The aim of this study was to analyse the effects of oligogalacturonides obtained from apple pectin enzymatic hydrolysis (mainly composed of galacturonic acid and oligogalacturonides; OGA) on normal human keratinocytes behaviour using different in vitro models. We demonstrate that 0.01% OGA promotes epidermal growth, organization and stratification in an in vitro reconstructed skin. The presence and the in vivo-like location of epidermal differentiation markers (i.e. keratin 10, involucrin, desmoglein 1 and 3, and cathepsin D) confirms the histological analysis, and underlines the cohesion of the treated epidermis. On the opposite, 0.05% OGA delays epidermal growth and disturbs differentiation, showing that the positive effects of OGA are dependent on its concentration. In parallel, using collagen IV and laminin 332 substrates, two relevant components of dermal-epidermal basement membrane, we demonstrate that the presence of 0.01% OGA clearly stimulates keratinocytes spreading out, paralleled by a well-organized microfilament network. Keratinocytes develop more focal adhesions with the substrates, implicating α6β4 on laminin 332. Cellular cohesion is also promoted by 0.01% OGA through the over-expression of integrins α2β1 on collagen IV, and α3β1 on laminin 332 at cell-cell junctions. Thus, by modulating integrins expression and organization, OGA 0.01% should improve cell-cell interactions and therefore dermal-epidermal cohesion. In conclusion, 0.01% OGA stimulates epidermal spreading and promotes keratinocytes attachment to basement membrane components by reorganizing cytoskeleton and modulating integrins recruitment. Furthermore, 0.01% OGA promotes epidermal differentiation and regulates epidermis homeostasis. Considering that OGA has a beneficial effect on parameters playing a key role in ageing, OGA can be presented as a new anti-ageing active ingredient.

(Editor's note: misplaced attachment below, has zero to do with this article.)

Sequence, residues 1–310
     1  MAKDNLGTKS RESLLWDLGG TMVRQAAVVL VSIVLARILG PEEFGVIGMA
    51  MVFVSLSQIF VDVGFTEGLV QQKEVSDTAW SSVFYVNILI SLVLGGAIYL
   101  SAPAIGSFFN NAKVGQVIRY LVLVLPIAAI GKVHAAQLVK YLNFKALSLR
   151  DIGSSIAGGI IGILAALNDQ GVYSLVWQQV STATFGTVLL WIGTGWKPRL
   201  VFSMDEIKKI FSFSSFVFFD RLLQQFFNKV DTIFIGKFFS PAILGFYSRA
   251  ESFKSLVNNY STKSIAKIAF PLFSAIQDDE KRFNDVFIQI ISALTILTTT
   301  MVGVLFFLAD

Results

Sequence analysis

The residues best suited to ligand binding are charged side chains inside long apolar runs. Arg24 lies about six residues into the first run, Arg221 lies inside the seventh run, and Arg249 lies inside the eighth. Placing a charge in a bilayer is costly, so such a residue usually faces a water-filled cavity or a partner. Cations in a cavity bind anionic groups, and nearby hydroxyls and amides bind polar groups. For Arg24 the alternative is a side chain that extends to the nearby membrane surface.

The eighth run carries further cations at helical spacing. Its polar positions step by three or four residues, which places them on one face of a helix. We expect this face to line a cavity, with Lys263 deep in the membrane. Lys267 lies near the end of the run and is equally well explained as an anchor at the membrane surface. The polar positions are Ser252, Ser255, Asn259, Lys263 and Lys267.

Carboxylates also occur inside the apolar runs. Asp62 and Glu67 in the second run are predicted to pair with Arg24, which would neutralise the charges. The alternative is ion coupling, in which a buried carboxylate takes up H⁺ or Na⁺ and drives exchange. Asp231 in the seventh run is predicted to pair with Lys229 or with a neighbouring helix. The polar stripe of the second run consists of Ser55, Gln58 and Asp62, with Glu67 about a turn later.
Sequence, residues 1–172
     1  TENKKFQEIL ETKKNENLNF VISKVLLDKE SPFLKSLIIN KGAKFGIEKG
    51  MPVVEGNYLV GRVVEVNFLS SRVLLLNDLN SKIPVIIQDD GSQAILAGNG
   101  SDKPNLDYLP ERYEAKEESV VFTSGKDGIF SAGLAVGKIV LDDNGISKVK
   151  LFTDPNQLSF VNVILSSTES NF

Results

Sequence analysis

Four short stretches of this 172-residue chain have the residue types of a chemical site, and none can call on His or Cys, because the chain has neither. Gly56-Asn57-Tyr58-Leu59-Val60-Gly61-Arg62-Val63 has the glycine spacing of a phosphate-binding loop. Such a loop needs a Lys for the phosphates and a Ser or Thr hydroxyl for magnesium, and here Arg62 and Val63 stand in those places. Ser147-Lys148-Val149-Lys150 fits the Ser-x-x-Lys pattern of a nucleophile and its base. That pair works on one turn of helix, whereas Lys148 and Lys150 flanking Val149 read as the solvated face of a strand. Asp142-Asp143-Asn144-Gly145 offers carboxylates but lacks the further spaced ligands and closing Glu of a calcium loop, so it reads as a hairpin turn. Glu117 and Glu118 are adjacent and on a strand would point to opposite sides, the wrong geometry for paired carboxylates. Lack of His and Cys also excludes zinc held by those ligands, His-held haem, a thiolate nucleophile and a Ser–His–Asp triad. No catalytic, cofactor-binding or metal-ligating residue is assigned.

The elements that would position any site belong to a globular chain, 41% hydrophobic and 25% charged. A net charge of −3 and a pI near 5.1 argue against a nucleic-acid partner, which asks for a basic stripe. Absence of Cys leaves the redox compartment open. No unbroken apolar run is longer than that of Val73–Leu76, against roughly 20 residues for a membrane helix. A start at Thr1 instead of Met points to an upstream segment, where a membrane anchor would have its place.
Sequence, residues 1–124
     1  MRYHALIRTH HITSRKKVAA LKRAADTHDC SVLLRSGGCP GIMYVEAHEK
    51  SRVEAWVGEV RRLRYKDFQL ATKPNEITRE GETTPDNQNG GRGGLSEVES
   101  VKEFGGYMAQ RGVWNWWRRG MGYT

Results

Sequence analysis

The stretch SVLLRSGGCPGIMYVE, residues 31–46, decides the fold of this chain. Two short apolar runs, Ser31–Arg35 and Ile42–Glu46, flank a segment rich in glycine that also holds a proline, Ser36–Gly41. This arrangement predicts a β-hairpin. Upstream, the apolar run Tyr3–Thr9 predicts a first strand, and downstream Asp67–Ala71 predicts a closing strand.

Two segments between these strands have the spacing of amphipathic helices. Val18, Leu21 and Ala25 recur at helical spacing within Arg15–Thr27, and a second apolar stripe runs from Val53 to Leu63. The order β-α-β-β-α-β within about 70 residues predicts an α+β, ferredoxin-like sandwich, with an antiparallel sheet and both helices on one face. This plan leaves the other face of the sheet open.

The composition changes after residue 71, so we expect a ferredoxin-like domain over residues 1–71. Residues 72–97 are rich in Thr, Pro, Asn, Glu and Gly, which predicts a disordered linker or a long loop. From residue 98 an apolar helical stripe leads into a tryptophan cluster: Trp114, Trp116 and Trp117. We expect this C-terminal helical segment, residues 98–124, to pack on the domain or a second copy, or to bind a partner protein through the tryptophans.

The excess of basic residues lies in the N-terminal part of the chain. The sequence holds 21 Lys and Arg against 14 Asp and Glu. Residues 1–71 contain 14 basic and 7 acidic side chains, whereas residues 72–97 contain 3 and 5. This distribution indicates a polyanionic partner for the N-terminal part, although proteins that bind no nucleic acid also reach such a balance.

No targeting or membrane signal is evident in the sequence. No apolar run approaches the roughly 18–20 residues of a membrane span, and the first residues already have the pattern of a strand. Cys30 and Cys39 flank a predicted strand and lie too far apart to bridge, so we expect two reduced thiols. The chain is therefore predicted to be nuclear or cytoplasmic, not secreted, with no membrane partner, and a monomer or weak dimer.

© 2011 The Authors. ICS © 2011 Society of Cosmetic Scientists and the Société Française de Cosmétologie.